Art Of The Ancient Near East Quiz! Trivia

9 Questions | Total Attempts: 134

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Art Of The Ancient Near East Quiz! Trivia

Are you familiar with the art of the Ancient Near East? Do you think you can pass this quiz? The art of the Ancient Near East tends to concentrate on the relationship between the human and the divine. Many of these types of art are religious in nature, designed for use in religious rituals to give praise to the gods. Take on this quiz and increase your knowledge about this type of art.


Questions and Answers
  • 1. 
    Uruk(modern day Iraq) is an ancient city of _____________.
  • 2. 
    The residents of ancient Anatolia are called what?
    • A. 

      Hittites

    • B. 

      Anatolians

    • C. 

      Hittitans

    • D. 

      Anatols

    • E. 

      Turkeyos

  • 3. 
    What ancient civilization did Ashurnarsipal II have realm/reign over?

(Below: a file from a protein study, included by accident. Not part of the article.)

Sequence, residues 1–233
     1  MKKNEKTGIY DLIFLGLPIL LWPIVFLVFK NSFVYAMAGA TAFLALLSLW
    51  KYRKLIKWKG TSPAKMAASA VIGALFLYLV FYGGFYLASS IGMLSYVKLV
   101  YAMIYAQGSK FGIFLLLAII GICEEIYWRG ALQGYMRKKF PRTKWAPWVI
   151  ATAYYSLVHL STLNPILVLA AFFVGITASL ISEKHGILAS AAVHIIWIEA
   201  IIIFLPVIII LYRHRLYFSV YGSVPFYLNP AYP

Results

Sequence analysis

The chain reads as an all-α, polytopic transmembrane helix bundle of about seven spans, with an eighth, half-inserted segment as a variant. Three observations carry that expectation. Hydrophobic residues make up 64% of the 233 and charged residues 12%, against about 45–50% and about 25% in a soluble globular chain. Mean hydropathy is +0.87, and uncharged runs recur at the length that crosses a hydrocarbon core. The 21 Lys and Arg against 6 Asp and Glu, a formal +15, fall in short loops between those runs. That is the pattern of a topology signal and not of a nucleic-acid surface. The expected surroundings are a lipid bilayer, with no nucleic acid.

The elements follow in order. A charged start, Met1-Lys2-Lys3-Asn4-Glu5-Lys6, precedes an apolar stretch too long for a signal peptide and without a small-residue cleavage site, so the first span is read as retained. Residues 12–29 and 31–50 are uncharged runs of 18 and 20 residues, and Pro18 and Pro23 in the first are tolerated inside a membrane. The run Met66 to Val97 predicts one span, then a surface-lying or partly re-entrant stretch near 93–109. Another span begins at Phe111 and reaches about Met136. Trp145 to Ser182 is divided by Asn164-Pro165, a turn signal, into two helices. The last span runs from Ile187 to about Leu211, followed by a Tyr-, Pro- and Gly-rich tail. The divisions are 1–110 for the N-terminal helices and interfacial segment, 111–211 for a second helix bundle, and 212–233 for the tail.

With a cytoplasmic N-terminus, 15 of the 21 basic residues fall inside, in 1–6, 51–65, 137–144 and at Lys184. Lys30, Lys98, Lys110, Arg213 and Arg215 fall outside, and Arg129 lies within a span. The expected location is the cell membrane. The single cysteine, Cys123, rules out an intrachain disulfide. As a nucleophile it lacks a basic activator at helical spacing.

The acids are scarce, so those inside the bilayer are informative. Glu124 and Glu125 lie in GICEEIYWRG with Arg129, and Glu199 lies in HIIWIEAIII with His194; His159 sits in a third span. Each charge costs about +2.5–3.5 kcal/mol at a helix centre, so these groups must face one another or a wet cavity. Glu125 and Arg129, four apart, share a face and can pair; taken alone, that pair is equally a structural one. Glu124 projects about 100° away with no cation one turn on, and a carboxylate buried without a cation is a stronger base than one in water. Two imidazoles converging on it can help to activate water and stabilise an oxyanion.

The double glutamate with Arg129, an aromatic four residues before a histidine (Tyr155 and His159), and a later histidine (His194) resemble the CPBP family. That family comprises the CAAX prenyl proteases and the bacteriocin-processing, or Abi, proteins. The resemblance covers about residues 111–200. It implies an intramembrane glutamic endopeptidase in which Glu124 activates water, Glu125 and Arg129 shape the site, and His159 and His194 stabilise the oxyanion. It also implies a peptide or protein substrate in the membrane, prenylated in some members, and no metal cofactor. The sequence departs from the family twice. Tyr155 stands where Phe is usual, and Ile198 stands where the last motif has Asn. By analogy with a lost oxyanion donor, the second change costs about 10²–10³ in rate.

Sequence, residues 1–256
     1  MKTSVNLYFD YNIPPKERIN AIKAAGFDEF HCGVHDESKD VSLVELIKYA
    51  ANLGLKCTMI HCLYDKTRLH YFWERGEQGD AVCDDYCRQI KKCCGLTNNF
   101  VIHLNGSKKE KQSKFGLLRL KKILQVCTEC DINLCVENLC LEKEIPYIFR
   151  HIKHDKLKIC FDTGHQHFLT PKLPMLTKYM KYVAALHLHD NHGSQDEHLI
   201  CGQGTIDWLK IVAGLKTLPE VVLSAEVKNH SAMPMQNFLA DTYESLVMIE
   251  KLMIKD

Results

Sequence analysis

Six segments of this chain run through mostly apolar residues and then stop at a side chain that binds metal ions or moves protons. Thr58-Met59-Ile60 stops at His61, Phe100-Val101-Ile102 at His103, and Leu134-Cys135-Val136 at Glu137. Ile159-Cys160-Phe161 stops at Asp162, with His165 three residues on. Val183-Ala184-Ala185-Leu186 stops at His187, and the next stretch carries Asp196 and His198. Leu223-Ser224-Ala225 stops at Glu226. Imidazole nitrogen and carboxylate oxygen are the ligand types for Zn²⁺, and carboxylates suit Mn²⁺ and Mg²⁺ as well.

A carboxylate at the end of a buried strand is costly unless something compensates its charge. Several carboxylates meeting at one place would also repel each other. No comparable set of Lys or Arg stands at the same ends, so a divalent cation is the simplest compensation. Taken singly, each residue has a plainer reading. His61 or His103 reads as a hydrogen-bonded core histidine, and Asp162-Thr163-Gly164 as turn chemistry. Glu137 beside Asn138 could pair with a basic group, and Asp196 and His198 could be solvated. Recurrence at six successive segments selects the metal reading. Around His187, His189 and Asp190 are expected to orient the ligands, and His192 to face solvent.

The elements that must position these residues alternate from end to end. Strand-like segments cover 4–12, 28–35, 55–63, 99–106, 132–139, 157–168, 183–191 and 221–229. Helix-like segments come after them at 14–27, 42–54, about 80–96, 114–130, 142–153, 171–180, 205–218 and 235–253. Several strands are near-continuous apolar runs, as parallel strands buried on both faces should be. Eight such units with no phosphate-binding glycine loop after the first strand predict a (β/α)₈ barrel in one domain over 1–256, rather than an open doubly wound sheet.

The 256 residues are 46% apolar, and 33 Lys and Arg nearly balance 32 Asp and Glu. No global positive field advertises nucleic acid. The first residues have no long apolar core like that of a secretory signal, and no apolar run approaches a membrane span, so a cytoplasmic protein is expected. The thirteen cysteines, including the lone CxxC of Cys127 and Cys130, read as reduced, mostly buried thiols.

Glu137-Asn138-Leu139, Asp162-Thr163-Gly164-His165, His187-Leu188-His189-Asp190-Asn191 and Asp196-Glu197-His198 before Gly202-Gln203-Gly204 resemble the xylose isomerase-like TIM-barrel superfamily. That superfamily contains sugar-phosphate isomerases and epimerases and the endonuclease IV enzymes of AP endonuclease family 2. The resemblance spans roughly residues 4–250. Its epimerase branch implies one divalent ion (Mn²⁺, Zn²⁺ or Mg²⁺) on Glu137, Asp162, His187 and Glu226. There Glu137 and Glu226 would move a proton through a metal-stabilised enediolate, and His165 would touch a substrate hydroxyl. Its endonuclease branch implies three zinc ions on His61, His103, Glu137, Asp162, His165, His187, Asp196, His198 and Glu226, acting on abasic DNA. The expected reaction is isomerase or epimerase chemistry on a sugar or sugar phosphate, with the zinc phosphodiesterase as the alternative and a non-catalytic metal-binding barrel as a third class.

• A. 

      Persia

    • B. 

      Assyria

    • C. 

      Anatolia

    • D. 

      Sumer

    • E. 

      Uruk

  • 4. 
    Ain Ghazal is one of the first in the world? And how large is it?
    • A. 

      Cities, 30 acres, smaller than Jericho

    • B. 

      States, 45 miles, larger Persia

    • C. 

      Civilizations, 10 inches :)

    • D. 

      Towns, 30 acres, larger than Jericho

    • E. 

      All the of the above

  • 5. 
    Today, Jericho is located where?
    • A. 

      France

    • B. 

      Sumer

    • C. 

      Mesopotamia

    • D. 

      Antalolia

    • E. 

      West Bank Territory

  • 6. 
    This is the reconstruction drawing of a house at ___________.
  • 7. 
    Ancient Sumer and Ur is now what place?
    • A. 

      Turkey

    • B. 

      Iran

    • C. 

      Iraq

    • D. 

      India

    • E. 

      Czech

  • 8. 
    Modern day Turkey once was ancient what?
    • A. 

      Anatolia

    • B. 

      Huyuk

    • C. 

      Jericho

    • D. 

      Jerusalem

    • E. 

      Sumer

  • 9. 
    Epic of Gilgamesh dates back to what period of time?
    • A. 

      Stone Age

    • B. 

      3rd Millennium BCE

    • C. 

      2nd Millennium BCE

    • D. 

      Paleolithic Period

    • E. 

      1700s